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Benzodiazepines – the big picture Dr Malcolm Bruce Consultant Psychiatrist in Addiction NHS Lothian History. Greeks / Egyptians up to 17 th & 18 th Century – “without opium there would be no medicine” 1830 - Chloral Hydrate 1860 - Bromides

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Benzodiazepines – the big pictureDr Malcolm BruceConsultant Psychiatrist in Addiction NHS


  • Greeks / Egyptians up to 17th & 18th Century – “without opium there would be no medicine”

  • 1830 - Chloral Hydrate

  • 1860 - Bromides

  • 1930 – Barbiturates

  • 1960 – Ro5-0690 (Librium)

  • 1963 – Valium

  • 1965 – Mogadon

  • 1985 – Roche patent ends on Valium, 4th highest drug sales in USA $354 million in 1984

    ($690 million at 2006 prices)

    In UK 3% pop use daily, 11% use each year


  • Most men & women lead lives at the worst so painful, at the best so monotonous, poor & limited that the the urge to escape, the longing to transcend themselves if only for a few moments, is and always has been one of the principle appetites of the soul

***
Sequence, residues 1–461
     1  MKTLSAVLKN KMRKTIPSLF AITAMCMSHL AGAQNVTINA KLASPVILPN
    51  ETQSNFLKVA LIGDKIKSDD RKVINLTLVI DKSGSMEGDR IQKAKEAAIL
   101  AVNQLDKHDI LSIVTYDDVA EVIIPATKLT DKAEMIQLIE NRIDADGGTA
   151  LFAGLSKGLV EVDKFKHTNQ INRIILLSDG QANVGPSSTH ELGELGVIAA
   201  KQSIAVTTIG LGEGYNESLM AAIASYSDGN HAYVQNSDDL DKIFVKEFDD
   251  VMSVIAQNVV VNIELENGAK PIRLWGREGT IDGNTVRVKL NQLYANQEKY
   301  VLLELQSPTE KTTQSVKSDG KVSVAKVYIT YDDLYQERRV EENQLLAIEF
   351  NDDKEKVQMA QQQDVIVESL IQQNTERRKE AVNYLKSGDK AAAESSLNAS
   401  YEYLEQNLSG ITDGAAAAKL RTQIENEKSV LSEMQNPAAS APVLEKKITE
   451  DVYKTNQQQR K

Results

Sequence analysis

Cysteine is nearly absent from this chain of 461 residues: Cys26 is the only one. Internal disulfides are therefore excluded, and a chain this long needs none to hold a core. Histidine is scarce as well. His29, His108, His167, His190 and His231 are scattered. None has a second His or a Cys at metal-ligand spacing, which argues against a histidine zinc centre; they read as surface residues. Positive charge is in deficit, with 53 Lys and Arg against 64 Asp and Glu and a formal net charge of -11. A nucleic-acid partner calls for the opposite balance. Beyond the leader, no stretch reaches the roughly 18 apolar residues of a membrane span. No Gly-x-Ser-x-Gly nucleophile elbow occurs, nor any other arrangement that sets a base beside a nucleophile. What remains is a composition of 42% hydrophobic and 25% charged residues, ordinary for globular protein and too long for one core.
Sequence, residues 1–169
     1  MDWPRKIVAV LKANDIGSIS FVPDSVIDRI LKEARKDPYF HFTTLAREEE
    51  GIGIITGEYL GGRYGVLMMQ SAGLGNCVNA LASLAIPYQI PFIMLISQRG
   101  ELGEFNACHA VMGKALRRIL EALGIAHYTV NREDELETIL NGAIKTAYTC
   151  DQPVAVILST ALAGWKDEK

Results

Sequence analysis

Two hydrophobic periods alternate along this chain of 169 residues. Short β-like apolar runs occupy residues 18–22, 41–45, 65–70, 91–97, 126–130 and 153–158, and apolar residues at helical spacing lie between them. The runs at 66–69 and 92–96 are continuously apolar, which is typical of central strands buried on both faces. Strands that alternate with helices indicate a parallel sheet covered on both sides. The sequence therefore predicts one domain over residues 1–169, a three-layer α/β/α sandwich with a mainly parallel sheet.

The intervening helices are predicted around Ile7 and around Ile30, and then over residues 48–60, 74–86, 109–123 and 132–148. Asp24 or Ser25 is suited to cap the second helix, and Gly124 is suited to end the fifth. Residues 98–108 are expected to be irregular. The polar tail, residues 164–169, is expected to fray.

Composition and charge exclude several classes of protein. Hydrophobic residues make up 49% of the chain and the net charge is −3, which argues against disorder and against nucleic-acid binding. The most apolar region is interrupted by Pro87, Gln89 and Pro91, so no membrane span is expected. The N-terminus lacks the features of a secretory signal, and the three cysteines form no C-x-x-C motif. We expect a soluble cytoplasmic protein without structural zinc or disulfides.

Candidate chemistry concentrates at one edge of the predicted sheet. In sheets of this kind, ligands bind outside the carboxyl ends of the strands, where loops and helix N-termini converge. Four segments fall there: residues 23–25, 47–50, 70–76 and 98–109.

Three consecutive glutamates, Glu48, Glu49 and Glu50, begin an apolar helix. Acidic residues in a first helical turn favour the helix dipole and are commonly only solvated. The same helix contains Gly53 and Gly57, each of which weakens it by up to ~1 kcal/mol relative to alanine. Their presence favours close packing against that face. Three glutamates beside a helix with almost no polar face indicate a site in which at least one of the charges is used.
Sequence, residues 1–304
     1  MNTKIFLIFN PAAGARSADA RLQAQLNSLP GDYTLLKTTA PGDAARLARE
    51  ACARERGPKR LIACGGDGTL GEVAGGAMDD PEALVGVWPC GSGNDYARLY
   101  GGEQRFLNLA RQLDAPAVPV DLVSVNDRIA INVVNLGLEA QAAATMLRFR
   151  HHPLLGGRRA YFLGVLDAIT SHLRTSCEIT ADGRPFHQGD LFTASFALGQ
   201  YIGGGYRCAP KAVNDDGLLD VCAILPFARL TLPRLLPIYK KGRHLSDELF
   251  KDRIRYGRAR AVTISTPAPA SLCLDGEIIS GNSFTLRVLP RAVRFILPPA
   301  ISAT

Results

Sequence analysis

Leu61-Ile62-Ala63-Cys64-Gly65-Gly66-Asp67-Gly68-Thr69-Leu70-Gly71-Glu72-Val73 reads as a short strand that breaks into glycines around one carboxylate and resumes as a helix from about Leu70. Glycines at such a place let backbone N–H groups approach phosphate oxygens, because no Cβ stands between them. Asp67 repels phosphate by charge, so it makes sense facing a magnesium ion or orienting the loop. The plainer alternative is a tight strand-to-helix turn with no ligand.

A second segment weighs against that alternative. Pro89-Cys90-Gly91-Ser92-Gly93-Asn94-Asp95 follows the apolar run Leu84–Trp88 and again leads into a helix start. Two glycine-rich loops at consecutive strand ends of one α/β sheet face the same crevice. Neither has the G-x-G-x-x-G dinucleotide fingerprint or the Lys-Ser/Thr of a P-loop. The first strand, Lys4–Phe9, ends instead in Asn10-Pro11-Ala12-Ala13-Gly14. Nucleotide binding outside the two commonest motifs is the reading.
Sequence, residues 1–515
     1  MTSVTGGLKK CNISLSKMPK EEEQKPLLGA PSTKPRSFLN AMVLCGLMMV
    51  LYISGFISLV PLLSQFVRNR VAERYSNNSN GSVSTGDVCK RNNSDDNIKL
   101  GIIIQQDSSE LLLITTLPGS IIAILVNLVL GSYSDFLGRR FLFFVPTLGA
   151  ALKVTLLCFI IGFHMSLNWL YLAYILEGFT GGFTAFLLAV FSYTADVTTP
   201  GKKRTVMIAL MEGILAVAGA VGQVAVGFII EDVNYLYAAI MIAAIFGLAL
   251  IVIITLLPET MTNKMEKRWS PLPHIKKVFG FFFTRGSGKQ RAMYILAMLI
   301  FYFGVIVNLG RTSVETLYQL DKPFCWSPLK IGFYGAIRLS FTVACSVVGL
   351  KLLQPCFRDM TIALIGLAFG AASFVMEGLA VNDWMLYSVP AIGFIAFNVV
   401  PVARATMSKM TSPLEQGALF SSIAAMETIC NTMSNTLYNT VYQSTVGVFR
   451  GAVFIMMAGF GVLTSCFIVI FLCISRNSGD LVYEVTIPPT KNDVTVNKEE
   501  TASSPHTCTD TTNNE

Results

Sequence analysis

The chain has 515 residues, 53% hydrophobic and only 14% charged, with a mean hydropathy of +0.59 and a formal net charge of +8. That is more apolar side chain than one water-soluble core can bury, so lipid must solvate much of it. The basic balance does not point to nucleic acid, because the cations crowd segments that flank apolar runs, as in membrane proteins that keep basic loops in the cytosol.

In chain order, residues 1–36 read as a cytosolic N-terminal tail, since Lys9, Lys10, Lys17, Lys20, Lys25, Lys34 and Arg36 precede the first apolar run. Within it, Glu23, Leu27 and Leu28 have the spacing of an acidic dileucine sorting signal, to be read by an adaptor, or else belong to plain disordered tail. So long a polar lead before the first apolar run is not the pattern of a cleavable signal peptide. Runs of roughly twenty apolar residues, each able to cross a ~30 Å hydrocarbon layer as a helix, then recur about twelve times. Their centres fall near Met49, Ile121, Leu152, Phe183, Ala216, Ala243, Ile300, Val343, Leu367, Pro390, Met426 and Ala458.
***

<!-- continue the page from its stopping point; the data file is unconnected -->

The Doors of Perception 1954 A Huxley

  • Benzodiazepines

    "the opium of the masses"

    1978 Malcolm Lader

Plusça change……

  • "It is more difficult to withdraw people from benzodiazepines than it is from heroin.”

    1999 Professor Lader

Don’t start from here….

  • Heroin addiction

    • MM doesn’t work

    • I/V abuse Temgesic

    • HepC plus epidemic

    • Shortage of needles

    • Police witnesses

    • Ah! Thank God for benzodiazepines

    • Px 100mg DZ, 60mg TZ

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Neuro-physiologicalTolerance / Homeostasis / Withdrawal

  • Changes in protein expression of endogenous GABA precursors

  • Reduced sensitivity of GABA receptors

  • Down-regulation of GABA sites in inhibitory receptors system

  • Morphological changes in the GABA dendrites

  • Up-regulation of reciprocal excitatory receptor systems

Typical BDZ/Hypnotic Guidelines

  • Use lowest BDZ/hypnotic dose for briefest time

    • 2-4 weeks for hypnotics, up to 4 weeks for anxiolytics

  • Use only one BDZ (give long-acting one at night if need both a hypnotic and an anxiolytic effect)

  • Dose used should be in therapeutic range (i.e. within BNF limits)

  • Reduce gradually after both short term (> 2 weeks) and long term use

  • Only use in acute self-limiting situations/conditions

  • Only use for severe symptoms (never mild symptoms)